Media Contact
Rich Batten
Colorado Department of Human Services
Maggie Spain
The Bawmann Group

April 29, 2009

Fair, Balanced and Consistent Discipline: How Fathers Can Promote Clean Play and Responsible Behavior

Many fathers have trouble balancing their roles as disciplinarian, parent and friend to their children. When their child misbehaves, fathers might be too easy with their punishment in order to maintain a friendly relationship or they may let their anger get the best of them and react too harshly. Unfortunately, neither of these methods encourages children to succeed and do better the next time. Colorado dads should know that by making a point to teach, be fair and remove anger when enforcing the rules, they can encourage their children to do good instead of misbehave.

“The end result of discipline is to teach a child the consequences of their actions, hoping they do not make the same mistakes twice,” said Rich Batten, fatherhood and family specialist with the Colorado Department of Human Services. “Children will respect punishments doled out fairly and if they see the consequences as their fault, will respect the punishments from their dads.”

A great way to look at discipline is to compare it to sports, where working together as a team and abiding by the rules is essential to achieving success. According to Mark Perlman, creator of The Nurturing Fathers Program, a fatherhood curriculum used nationwide, if fathers look at the goals, rules, teamwork and consequences of bad play central to all team sports, they can then inspire their children to behave.

• The Goals
In every sport, it is essential to make sure you have the proper equipment, the right skills and good training in order to win the game. For fathers, this includes setting up the playing field in a way that helps both the children and family succeed. If fathers can explain to their children the “game” and how to be successful in it, their children will know what they need to do. For a family, the goals should be to work together, to be safe and happy, to learn and grow and to help each member get their needs met without denying others.

• The Rules

The rules set by fathers, similar to those in any sport, are meant to encourage good, clean and fair behavior just as much as they are intended to punish the bad. For instance in team sports, rules encourage playing within the lines and discourage stepping outside of them. These rules also encourage playing in a respectful manner and discourage harming opposing players. In life, without these rules, or if the rules are not explained clearly, you cannot expect children to learn to play the game.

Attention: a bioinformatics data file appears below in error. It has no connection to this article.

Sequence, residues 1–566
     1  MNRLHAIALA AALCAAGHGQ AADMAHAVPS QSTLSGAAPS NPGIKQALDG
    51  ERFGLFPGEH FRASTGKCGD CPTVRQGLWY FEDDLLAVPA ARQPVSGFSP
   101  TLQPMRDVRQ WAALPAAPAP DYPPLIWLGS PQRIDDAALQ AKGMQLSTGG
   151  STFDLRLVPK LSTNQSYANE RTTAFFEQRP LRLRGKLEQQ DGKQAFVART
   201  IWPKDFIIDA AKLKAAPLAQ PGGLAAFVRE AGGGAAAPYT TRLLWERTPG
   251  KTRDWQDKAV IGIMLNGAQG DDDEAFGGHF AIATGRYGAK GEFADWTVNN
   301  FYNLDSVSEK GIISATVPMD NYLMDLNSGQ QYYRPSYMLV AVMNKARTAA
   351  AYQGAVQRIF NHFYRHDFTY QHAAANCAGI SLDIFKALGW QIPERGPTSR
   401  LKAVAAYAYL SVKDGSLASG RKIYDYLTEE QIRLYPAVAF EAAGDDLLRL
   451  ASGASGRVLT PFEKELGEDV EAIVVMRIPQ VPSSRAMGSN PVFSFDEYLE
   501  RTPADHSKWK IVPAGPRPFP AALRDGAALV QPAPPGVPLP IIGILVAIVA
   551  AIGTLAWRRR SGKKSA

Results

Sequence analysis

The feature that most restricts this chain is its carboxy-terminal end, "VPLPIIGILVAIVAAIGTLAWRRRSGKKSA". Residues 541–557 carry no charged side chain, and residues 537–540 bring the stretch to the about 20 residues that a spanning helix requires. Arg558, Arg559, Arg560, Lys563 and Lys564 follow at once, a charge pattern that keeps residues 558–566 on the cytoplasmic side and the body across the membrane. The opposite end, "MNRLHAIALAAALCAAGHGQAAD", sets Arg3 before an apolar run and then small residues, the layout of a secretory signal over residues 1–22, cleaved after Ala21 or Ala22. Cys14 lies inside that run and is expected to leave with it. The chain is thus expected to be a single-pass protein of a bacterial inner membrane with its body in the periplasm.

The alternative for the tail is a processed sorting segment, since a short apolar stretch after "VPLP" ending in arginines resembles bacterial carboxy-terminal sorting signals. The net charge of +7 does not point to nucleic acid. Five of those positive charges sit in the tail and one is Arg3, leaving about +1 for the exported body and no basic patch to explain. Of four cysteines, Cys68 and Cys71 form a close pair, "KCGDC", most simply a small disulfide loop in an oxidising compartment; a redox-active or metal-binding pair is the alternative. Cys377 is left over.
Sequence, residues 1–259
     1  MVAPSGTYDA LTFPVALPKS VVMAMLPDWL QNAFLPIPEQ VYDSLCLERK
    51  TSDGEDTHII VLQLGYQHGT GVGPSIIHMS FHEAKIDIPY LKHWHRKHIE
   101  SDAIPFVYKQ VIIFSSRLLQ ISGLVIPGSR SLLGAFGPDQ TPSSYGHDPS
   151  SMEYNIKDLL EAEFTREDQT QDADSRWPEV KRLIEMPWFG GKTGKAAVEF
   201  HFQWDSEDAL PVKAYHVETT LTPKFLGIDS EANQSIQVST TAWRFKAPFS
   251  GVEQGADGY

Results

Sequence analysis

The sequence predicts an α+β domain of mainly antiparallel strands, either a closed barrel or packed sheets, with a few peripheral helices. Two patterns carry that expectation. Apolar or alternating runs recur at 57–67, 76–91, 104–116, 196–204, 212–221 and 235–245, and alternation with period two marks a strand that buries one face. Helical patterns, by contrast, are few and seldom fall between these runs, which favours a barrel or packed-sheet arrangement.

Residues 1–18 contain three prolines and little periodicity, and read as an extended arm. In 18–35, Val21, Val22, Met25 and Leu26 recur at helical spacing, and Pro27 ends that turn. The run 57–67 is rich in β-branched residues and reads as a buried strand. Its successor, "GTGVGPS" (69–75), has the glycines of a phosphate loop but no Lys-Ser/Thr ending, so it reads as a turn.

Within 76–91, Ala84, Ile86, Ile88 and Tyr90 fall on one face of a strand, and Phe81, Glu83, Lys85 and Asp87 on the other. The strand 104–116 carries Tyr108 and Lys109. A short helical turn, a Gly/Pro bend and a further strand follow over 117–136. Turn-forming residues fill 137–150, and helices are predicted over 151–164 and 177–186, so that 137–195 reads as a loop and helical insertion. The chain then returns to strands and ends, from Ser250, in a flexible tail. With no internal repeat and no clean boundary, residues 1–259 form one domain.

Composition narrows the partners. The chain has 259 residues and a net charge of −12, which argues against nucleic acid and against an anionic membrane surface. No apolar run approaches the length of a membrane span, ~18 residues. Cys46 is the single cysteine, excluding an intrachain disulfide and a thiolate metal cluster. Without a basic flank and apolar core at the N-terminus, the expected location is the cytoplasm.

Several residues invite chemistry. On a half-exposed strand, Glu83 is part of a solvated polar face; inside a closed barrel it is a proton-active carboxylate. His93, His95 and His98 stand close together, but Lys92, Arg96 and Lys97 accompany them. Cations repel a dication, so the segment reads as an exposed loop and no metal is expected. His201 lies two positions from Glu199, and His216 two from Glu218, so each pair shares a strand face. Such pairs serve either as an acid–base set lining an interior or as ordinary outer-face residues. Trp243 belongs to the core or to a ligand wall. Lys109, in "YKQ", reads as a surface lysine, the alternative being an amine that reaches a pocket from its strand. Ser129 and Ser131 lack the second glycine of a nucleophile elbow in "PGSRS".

• Teamwork
What do team players do every time one player makes a foul shot, a good pass or scores a goal? They give them a pat on the back, a high five or a compliment -every time! Therefore, there must be some special value in parental encouragement. As a father, the deeds and acts you pay attention to are more likely to be repeated by your children. Praise these good behaviors and reward teamwork.

• Discourage Misbehavior

Before a game starts, every player knows the exact consequences that will result should they commit a penalty. This way, the severity of the punishment is not dictated by the anger of the ref nor does it differ from game to game. Fathers also need to establish clear consequences for when their children break the rules. If these consequences can be logically related to the transgression, then the child will learn more from them.

In October 2006, the Colorado Department of Human Services, Colorado Works Division was awarded a $10 million federal grant over five years to strengthen father/child relationships and improve parenting. Colorado is one of two locations nationwide, including Washington, D.C., to receive this federal community access grant. The Responsible Fatherhood Initiative distributes more than $1.2 million in community awards to state, community and faith based organizations to assist in providing direct services to fathers and families. Awards of up to $50,000 are distributed per program per fiscal year. For more information on a fatherhood program in your community, please visit